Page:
Ankivalenz: Turn notes into Anki cards

Creating and managing cards for Anki, the spaced-repetition software, can be tedious. Ankivalenz is a tool for automatically creating Anki cards from notes.


Harry Vangberg


October 30, 2022

Sometimes you need to memorize things to properly learn them. You are learning a new language, and you want to expand your vocabulary. You are studying for a biology exam, and you find it difficult to keep track of the endless stream of new concepts: prokaryotes, eukaryotes, endosymbionts, the citric acid cycle, glucose 6-phosphate.

Maybe you start creating flashcards. It helps, but soon you find yourself overwhelmed by the workload of reviewing them. Enter Anki, an app using spaced repetition. Anki decides when you will review a card, based on your previous ability to recall the answer to the card. The better you remember it, the less often you see it. The end result is, that you can keep adding cards to Anki, while maintaining a mostly constant review time.

Anki is great for reviewing cards, both on desktop and mobile, and provides free sync. What works less well, is creating and maintaining cards. This became obvious to me, when I used Anki to prepare for an admissions test, as part of my application to study biology at the University of Vienna.

This is what the process looked like: I would read a chapter at a time of the test literature, while taking extensive notes. After finishing a chapter, I would create cards in Anki, based on the notes I had taken.

So far, so good. You learn something, you memorize it. At some point you might even learn something, that replaces what you have previously learned. This is the blessing and the curse of deepening your understanding of a subject. In physics, you learn the Bohr model and everything seems fine: electrons orbit the nucleus in neat circles (Figure 1). Then you get to the atomic orbital model, and the picture becomes a lot more complicated (Figure 2).

Figure 1: The Bohr model. By JabberWok, CC BY-SA 3.0, (link)

Figure 2: Atomic orbitals of the electron in a hydrogen atom at different energy levels. By PoorLeno, (link)

Whenever this happened (i.e. all the time), I would go back to my notes on the given subject, and update them. Then I would open Anki, create cards with the new knowledge, and go hunting for old cards that needed to be updated or deleted. Anki gives you a list of all your cards, with some search and filter abilities (Figure 3), so the hunting metaphor is to be taken quite seriously. A decidedly unpleasant experience: cumbersome and frustrating.

Figure 3: Browsing cards in Anki.


The astute reader will have noticed, that I was essentially synchronizing my notes manually to Anki. I write my notes in Markdown, using the excellent visual editor in RStudio, and realized that it would make more sense to automatically generate Anki cards directly from those notes. My new tool Ankivalenz lets you do exactly that.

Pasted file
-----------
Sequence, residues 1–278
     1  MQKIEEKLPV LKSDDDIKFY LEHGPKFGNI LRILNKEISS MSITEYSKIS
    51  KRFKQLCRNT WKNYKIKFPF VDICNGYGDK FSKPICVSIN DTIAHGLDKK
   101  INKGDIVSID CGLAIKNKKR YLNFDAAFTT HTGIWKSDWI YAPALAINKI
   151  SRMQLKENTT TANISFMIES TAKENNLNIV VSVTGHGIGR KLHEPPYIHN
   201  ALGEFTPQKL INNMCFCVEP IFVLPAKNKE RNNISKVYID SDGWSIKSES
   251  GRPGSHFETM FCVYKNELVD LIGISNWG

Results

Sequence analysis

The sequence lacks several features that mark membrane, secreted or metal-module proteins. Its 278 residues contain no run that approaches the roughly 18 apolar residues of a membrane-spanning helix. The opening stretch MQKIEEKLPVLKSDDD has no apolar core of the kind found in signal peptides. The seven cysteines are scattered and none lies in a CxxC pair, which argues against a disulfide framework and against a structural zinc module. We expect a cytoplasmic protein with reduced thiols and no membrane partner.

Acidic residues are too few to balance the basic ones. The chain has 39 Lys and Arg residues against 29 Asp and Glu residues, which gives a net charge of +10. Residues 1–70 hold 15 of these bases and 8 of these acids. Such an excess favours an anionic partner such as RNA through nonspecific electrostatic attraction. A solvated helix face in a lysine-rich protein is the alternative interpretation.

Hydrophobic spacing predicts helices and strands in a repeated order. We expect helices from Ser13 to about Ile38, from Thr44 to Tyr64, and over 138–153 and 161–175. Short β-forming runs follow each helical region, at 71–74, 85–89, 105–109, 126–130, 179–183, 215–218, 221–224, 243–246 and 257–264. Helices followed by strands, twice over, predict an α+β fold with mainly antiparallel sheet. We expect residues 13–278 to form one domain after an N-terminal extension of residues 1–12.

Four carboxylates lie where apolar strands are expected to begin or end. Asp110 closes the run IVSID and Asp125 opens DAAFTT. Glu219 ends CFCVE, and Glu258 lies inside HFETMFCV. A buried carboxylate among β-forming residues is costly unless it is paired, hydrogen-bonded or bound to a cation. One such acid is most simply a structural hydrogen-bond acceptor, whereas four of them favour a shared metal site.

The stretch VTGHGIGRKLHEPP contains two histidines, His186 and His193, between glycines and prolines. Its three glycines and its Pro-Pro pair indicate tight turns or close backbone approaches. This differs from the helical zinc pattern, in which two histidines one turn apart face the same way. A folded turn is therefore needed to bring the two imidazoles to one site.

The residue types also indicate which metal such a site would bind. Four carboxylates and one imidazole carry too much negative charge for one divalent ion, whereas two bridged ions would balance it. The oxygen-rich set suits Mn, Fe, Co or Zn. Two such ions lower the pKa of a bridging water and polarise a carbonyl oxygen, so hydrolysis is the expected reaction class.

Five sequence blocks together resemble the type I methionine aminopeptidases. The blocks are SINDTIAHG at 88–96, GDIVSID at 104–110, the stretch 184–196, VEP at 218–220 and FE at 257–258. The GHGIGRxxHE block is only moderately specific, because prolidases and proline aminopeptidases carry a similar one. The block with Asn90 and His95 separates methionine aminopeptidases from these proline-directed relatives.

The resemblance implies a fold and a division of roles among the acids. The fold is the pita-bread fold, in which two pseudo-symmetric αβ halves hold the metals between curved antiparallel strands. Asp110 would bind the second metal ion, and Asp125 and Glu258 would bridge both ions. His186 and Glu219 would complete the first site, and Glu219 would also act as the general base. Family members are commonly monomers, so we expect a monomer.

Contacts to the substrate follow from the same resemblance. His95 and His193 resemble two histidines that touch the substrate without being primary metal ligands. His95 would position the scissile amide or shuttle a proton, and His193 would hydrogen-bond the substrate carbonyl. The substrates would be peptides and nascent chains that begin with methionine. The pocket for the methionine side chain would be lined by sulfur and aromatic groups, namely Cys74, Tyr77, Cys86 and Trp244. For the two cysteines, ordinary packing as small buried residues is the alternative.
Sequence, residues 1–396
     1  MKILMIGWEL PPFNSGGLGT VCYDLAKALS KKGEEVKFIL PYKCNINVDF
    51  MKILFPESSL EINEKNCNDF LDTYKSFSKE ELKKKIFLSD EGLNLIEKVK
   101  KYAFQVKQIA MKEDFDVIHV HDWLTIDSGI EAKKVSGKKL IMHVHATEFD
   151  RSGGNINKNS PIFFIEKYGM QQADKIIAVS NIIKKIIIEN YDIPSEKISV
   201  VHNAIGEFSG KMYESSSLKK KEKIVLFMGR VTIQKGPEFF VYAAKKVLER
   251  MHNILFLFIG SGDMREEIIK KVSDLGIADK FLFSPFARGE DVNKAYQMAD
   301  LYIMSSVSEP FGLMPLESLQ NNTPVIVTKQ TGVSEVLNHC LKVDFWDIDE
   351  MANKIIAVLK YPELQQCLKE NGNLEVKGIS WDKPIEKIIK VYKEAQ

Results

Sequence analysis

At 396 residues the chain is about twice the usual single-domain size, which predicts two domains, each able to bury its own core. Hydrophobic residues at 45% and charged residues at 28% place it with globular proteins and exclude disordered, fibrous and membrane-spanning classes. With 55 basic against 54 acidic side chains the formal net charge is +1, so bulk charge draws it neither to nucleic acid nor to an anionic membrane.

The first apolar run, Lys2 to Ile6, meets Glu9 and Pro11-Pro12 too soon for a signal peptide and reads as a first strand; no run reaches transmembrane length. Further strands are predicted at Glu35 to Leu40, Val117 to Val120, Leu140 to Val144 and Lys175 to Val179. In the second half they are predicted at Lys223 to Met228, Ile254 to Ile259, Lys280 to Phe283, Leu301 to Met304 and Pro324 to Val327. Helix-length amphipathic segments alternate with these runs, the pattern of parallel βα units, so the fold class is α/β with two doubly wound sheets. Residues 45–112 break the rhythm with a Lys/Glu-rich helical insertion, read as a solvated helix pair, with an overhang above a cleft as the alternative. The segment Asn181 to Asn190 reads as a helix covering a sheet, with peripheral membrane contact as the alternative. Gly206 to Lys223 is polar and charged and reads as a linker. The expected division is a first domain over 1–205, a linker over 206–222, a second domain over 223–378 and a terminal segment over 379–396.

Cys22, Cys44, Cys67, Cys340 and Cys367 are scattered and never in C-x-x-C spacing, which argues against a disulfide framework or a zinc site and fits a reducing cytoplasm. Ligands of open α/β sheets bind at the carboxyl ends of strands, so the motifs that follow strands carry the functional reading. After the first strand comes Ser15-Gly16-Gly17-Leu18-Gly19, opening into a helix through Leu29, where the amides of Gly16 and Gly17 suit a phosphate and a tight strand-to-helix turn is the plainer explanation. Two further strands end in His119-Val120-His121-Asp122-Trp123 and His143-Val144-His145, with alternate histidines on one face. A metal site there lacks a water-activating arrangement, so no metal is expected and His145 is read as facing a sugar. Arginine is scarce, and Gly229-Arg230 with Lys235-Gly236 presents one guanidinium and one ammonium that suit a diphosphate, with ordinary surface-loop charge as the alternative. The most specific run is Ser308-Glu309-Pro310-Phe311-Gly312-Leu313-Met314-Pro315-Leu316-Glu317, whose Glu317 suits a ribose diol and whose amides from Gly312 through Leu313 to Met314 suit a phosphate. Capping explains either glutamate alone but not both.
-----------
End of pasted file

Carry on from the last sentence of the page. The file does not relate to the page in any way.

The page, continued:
Here is an example of a Markdown file, from which a number of Anki cards can automatically be created:

# The Solar System

- Number of planets ?:: 8

## Planets

- Mars
  - ::? fourth planet
  - Color ?:: red

Cards are created from list items, with the delimeters ::, ?:: and ::? separating the question and the answer. The question mark in the delimeter indicates which part is the question, and which part is the answer: Question ?:: Answer and Answer ::? Question. The last variant (::) creates two cards, testing both sides.

Running Ankivalenz against the above Markdown file creates an Anki deck with the following cards:

Path Front Back
The Solar System Number of planets 8
The Solar System > Planets fourth planet Mars
The Solar System > Planets > Mars Color red

This is what the last one looks like in Anki:

Figure 4: A card in Anki, created by Ankivalenz.

The path, which is visible at the top of the card, shows where in the note hierarchy the card is. This gives you some context when reviewing cards, allowing for more succinct questions/answers. Instead of “What is the radius of Mars?”, you just need “Radius?” as a question.

It is early days, but I have used Ankivalenz for a couple of months, and so far I have created 500 Anki cards, spanning multiple subjects. As an unexpected side effect my notes have also improved: formulating them in an Anki-friendly way, seem to make them less verbose, and more focused. I also find myself creating Anki cards for a wider variety of subjects, simply because it has become easier to do so.

I am excited to see how this will play out in the long run, and I would love to hear from you, if Ankivalenz could be of interest to you.

And the admissions test? I passed.

Get it

Ankivalenz is distributed as a Python package on PyPI. To get started, take a look at the README in the GitHub repo.